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Enzyme kinetics question

  1. Dec 23, 2007 #1
    1. The problem statement, all variables and given/known data

    Hi, having not studied biology i'm struggling to get to grasps with what are probably basic concepts. Looking through the notes i have i was just wondering if the equations/derivations i'v attached are relevant, and if so how. A link to the powerpoint file can be found here http://www.megaupload.com/?d=V3DVK5JX. Here is the question i'm stuck on

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  3. Dec 24, 2007 #2


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    I haven't actually downloaded and looked at the ppt file - I'm a little nervous about things like that. I'd probably be more likely to look at an image file uploaded to an image hosting site, but maybe others here are more daring. The best option would be if you just posted the work here, using the on-site [itex]\LaTeX[/itex] capability.

    For (a), it looks like you are asked to derive the Michaelis-Menten equation using d[E]/dt ~ d[ES]/dt -> very small (i.e., steady state assumption).

    For (b), you must simply extract the 2 parameters in the MM equation from the dataset. You can do this by plotting the dataset and doing a 2-parameter fit with the MM equation. Or just use two far away data points from the set and solve for Km and max. rate, then check that this gives you accurate predictions for the other rates in the set.

    PS: You need essentially no knowledge of biology for this, but kinetics and equilibrium chemistry are probably a pre-requisite.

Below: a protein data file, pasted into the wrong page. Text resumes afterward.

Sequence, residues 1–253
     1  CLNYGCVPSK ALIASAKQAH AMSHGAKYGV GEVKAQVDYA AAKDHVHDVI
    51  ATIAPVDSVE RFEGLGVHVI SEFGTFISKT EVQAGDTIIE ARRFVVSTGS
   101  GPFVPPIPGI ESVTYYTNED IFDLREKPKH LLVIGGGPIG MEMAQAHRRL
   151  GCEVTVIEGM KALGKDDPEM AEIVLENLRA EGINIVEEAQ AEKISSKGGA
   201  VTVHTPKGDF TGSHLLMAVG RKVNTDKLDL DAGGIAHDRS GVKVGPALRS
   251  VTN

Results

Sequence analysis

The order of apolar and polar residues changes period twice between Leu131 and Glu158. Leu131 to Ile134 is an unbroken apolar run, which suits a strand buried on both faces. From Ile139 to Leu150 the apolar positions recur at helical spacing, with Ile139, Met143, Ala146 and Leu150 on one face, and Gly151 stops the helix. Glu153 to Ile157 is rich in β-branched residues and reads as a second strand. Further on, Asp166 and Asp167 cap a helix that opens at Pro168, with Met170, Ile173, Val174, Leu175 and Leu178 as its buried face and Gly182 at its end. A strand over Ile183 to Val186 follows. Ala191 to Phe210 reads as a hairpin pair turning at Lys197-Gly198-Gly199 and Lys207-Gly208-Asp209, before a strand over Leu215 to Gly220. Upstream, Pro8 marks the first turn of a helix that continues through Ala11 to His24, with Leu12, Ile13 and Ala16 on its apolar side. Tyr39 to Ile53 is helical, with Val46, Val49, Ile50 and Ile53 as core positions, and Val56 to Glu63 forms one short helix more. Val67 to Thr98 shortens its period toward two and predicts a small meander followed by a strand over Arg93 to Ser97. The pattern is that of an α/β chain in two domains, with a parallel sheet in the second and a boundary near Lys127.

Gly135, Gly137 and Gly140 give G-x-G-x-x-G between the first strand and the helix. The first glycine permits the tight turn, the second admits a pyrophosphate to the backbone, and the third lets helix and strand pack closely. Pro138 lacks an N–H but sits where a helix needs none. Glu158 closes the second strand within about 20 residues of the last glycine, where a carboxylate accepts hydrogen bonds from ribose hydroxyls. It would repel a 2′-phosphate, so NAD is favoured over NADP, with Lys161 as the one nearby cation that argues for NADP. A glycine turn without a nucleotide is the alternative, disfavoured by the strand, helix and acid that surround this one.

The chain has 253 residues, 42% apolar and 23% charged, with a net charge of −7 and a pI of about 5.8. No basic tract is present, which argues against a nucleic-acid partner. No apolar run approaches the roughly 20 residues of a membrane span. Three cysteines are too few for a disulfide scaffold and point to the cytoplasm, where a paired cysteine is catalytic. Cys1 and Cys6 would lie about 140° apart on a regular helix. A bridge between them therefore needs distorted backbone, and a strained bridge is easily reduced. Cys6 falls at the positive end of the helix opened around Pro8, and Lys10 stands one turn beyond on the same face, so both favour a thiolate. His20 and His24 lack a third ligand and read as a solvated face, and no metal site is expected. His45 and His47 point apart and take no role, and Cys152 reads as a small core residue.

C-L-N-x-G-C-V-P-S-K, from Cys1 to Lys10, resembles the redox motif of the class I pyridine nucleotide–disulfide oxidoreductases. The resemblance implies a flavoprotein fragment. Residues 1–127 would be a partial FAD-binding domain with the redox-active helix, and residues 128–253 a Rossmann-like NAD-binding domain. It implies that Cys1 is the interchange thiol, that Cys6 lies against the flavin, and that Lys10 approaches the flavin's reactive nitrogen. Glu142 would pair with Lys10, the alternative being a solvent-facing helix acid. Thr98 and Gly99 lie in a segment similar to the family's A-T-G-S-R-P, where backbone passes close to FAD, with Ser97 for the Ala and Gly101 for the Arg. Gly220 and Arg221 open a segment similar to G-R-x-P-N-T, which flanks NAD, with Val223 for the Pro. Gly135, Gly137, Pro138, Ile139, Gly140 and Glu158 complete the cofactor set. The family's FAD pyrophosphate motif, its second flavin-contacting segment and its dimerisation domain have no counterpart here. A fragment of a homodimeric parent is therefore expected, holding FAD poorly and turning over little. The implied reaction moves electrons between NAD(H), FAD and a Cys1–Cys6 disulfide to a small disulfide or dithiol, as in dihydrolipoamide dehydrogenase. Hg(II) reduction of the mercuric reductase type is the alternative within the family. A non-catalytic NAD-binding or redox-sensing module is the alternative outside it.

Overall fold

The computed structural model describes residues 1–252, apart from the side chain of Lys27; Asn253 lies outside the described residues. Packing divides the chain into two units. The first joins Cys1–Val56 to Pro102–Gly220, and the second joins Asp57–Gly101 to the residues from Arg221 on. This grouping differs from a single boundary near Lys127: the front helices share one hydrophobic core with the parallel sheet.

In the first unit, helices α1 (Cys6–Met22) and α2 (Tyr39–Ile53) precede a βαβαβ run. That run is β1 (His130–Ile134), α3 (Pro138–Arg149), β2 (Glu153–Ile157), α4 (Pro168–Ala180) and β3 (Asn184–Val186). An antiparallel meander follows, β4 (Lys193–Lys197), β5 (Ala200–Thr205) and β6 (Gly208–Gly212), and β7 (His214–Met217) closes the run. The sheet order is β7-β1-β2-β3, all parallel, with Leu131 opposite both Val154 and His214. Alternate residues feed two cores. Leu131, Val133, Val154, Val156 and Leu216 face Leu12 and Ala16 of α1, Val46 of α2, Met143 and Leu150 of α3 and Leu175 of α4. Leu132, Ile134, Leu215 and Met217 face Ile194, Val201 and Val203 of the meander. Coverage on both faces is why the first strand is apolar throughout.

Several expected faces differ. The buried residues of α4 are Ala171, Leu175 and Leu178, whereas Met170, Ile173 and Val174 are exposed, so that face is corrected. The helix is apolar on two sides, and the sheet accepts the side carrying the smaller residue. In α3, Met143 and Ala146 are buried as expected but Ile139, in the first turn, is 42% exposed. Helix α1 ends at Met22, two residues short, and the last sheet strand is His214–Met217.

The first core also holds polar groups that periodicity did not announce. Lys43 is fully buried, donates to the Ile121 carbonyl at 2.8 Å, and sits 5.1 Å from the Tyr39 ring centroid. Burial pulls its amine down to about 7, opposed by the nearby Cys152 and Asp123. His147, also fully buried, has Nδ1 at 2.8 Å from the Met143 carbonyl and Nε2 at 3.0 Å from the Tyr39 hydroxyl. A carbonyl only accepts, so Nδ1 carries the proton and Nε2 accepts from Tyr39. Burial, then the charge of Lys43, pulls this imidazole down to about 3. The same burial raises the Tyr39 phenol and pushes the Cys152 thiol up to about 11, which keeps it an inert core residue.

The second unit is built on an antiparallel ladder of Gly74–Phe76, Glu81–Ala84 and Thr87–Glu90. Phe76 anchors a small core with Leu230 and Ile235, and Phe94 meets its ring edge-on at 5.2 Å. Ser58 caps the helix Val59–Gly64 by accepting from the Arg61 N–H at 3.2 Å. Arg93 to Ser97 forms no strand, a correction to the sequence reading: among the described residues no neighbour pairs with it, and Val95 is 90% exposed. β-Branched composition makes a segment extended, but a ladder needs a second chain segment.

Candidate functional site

Last edited: Dec 24, 2007
  4. Dec 27, 2007 #3
    Thanks very much for the information. I completely understand about the download link, and i'v now attached a PDF file of the presentation. I think the answer to part a may well be on the second page. However unfortunately i'm still at a dead end on (b). Would it require plotting a graph? If so what kind and what would i be trying to interpret from the graph. Thanks again

    Attached Files:

  5. Dec 29, 2007 #4


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    Your solution to part (a) is spot on!

    Part (b) is just a little bit of math - you can find the answers the rigorous way (graphically, but probably unnecessary) or the easy way.

    1. Take your final equation for [itex]\nu[/itex] vs. .
    2. Notice that the table gives you vs. [itex]\nu[/itex]
    3. Pick any two well-separated pairs from the table, say (0.00005, 0.000625) & (0.0003, 0.00167)
    4. Plug each pair of values into the equation; you should end up with 2 equations in 2 unknowns (Km and v(max)).
    5. Solve for these unknowns.
    6. With the values you get for Km and v(max), plug in the other values of into the equation and check that you get answers pretty close to the corresponding values of [itex]\nu[/itex] in the table.
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